Dodgers Interested in Kevin Youkilis, And Why Not?

As you might have seen earlier this evening, I’ve reported that the Dodgers won the rights to negotiate with Korean lefty Hyun-Jin Ryu with a bid of $25.7m. It’s not been officially announced yet, but I trust my source. Anyway, we’ve talked a lot about him today already, so until we do hear more, let’s get to the other interesting news of the evening, courtesy of Ken Rosenthal:

The White Sox and Phillies are interested in Kevin Youkilis, according to major league sources. The Indians andCubs also are reported to be possibilities. But an official from one of those clubs expressed concern that the Dodgers might want Youk — and as it turns out, they are indeed considering signing him.

Youkilis, 33, would fit the Dodgers only under certain circumstances: If Hanley Ramirez ends up at shortstop and not third, if third baseman Luis Cruz becomes more of a super-utilityman, or if the Dodgers are resigned to sending Dee Gordon back to Triple A, perhaps for an entire season.

So… there’s that. And as you can imagine, the immediate response from the Twitterati hasn’t been positive, for pretty obvious reasons: Youkilis turns 34 in March, hit .235 between the Red Sox & White Sox last year, and gets hurt about every five seconds. Oh, and his presence would probably lock Hanley Ramirez into shortstop, which: gross.

That doesn’t exactly mean that there’s no scenario in which this makes sense, however. If you don’t trust Cruz to be an everyday player, as I’ve been pretty clear that I don’t, then you need another option at third base. (I’m assuming here that Juan Uribe will be sold for parts. Human parts. I’m trying to say he’ll be dismantled and his organs dispersed across the country.) Youkilis is clearly past his prime, but he’s also arguably the top third baseman available in a very weak market; there’s simply not anyone at the hot corner like there is Zack Greinke for pitchers.

Don’t forget, the Dodgers clearly also need someone else on the roster who can handle first base for a day or two if Adrian Gonzalez gets banged up or needs a breather, and there’s no one around who can currently do that. Youkilis would fill that role nicely, and even if his presence pushes Cruz to the bench, the frailty of Youkilis & Mark Ellis plus the need to replace Ramirez for defense would still guarantee last season’s hero a ton of playing time.

So it’s clear to me there’s a fit, though only on a one-year deal (perhaps with an option for a second). That being said, does Youkilis have anything left to offer after years of injuries? His overall .235/.336/.409 line in 2012 was by far the worst of his career, though he did do much better with Chicago (.339 wOBA, 15 HR in 339 PA) than with Boston (.307 wOBA, 4 HR in 165 PA). That overall wOBA of .328, while far off his 2008-10 peak, is still better than Cruz’ .326 mark in what was his breakout year.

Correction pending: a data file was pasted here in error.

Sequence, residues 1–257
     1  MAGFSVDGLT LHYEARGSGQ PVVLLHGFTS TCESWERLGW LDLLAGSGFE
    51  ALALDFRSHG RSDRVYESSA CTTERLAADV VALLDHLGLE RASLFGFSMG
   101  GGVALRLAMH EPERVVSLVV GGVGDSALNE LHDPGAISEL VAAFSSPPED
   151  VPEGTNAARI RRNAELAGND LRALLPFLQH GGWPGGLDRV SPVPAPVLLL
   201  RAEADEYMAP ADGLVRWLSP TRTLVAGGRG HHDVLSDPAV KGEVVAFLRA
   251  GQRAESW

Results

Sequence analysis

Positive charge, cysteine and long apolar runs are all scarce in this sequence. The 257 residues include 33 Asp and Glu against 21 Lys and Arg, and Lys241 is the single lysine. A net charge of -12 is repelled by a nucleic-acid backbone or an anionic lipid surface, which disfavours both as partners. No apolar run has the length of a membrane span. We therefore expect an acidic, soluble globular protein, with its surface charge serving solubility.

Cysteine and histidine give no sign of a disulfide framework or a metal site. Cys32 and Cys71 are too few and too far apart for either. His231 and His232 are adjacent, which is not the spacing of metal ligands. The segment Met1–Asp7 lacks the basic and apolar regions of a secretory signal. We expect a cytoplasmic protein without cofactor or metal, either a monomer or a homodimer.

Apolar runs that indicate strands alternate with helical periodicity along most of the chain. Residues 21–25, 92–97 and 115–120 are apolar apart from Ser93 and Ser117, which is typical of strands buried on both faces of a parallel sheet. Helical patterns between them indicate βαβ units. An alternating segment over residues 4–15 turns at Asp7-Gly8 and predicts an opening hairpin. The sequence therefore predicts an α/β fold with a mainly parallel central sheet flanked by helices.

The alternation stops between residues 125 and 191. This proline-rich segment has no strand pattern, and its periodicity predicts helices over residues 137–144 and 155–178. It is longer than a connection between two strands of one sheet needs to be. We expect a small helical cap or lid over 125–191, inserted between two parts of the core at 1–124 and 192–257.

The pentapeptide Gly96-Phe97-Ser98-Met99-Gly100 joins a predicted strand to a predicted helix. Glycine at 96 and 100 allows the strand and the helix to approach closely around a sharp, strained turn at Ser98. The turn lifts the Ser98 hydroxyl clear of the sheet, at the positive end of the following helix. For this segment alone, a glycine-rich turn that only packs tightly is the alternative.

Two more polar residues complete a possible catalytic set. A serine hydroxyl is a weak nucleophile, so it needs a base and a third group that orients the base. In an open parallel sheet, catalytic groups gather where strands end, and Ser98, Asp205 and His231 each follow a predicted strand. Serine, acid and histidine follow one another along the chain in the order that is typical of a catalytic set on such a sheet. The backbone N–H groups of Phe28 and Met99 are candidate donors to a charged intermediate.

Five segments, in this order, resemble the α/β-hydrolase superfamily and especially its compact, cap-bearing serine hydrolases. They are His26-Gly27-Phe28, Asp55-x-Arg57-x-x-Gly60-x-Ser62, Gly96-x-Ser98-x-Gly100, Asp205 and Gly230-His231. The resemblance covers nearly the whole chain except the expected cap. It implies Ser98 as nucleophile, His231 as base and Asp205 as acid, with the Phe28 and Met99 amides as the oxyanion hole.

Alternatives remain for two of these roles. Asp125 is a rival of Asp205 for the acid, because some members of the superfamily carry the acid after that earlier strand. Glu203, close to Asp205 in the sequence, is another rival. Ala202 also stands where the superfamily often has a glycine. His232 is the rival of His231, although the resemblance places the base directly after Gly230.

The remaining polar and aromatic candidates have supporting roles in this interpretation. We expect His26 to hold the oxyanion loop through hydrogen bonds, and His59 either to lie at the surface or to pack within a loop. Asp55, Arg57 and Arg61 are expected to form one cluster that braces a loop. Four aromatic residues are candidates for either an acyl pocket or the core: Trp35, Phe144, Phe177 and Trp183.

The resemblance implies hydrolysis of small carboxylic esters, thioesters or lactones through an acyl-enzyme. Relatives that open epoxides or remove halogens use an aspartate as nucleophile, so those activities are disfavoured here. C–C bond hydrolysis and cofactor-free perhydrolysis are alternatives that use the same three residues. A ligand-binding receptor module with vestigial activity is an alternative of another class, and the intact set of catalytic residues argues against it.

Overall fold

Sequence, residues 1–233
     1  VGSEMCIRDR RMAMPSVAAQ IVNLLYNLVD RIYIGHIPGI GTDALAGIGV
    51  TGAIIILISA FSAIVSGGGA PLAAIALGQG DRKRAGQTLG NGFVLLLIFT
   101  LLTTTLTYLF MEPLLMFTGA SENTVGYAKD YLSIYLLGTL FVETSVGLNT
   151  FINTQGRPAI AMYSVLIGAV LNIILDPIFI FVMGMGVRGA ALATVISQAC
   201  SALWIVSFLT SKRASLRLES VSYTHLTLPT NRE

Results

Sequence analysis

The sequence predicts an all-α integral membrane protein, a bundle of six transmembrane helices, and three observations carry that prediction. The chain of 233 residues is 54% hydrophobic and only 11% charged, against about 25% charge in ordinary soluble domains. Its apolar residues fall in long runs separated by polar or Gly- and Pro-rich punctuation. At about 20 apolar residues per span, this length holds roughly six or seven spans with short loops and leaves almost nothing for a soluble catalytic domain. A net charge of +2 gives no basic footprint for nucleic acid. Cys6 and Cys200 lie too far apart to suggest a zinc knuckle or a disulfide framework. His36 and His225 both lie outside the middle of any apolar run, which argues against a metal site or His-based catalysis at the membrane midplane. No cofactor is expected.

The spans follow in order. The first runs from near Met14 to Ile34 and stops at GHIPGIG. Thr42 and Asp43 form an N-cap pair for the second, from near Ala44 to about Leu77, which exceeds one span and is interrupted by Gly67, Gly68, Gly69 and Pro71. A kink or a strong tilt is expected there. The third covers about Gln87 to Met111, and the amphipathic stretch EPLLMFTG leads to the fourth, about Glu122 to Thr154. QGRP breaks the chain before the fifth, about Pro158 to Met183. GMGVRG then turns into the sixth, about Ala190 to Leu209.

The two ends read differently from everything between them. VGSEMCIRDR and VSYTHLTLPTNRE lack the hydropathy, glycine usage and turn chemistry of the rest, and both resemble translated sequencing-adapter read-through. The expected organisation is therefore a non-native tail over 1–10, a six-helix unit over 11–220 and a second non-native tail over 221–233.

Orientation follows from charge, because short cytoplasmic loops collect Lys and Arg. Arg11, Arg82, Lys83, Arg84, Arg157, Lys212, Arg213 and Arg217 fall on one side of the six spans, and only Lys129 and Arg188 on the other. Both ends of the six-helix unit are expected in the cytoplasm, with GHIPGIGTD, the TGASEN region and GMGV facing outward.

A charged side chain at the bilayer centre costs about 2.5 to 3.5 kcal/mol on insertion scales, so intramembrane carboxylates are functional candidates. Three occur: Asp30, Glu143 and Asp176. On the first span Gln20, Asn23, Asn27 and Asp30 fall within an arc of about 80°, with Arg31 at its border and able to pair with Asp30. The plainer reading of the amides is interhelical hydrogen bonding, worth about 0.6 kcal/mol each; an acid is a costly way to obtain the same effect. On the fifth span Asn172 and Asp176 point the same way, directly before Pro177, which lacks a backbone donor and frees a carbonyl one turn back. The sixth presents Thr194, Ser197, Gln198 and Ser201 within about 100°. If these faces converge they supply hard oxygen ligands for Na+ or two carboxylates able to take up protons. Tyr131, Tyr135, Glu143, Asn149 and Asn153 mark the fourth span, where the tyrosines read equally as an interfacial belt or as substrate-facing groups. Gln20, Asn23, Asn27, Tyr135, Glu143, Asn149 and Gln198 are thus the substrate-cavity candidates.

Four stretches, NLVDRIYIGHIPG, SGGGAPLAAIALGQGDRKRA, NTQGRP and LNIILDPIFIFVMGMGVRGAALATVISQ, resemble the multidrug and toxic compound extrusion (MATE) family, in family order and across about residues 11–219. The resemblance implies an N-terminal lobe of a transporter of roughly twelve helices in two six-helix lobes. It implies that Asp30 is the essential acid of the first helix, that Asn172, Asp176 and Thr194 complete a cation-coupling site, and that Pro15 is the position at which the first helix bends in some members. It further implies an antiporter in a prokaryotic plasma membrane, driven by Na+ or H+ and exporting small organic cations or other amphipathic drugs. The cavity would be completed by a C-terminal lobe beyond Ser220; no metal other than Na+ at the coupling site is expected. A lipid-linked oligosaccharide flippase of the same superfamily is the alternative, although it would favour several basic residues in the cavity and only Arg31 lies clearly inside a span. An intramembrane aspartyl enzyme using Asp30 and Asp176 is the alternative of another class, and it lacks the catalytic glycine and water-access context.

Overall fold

Still, there’s no question that Youkilis is on the decline. But he doesn’t need to be the star he once was to be an asset. He just needs to not fall off any further, and last month, Michael Barr at FanGraphs put a positive spin on just that topic:

There is some evidence that he was the victim of some rotten luck. His BABIP in Boston was .288 and his expected BABIP was about .320, based largely on his odd 50% ground ball rate. His hit trajectory returned very much to Youkilis-normal in Chicago where he hit about 20% line drives, 40% ground balls, and 40% fly balls – but his BABIP in Chicago was just .257 while his expected BABIP predicted about .298.

His home run distance and speed off his bat hasn’t changed appreciably in six seasons and is actually higher in 2012 than it was in 2008 and 2009 when he was a bona fide home run hitter. Not only this, but there wasn’t a substantial change in his contact rates in 2012 versus his career:

O-Swing% Z-Swing% Swing% O-Contact% Z-Contact% Contact% Zone% SwStr%
2012 20.60% 55.30% 37.40% 60.90% 89.80% 81.60% 48.30% 6.70%
Career 19.10% 57.30% 38.60% 61.80% 90.30% 83.40% 51.00% 6.20%

This isn’t suggesting that he’s necessarily going to snap back into high-20′s home run totals, but there’s no damning evidence on the hit trajectory, contact rates, or home run distance/speed off bat front to argue there’s a smoking gun that he’s totally washed up.

So I can easily see some utility to having Youkilis be a decent, hopefully league-average third baseman, adding a safety net at first base, while also helping to improve the bench by making Cruz a potentially very good super-sub. That’s a value which can’t be ignored, because the Dodger bench last year (and, really, every year) was atrocious. Remember the days of benches comprised of Elian Herrera, Scott Van Slyke, James Loney, & Tony Gwynn? Good times. Now, you could have Cruz & Jerry Hairston at the start of a much better bench, along with whatever outfield depth they end up adding.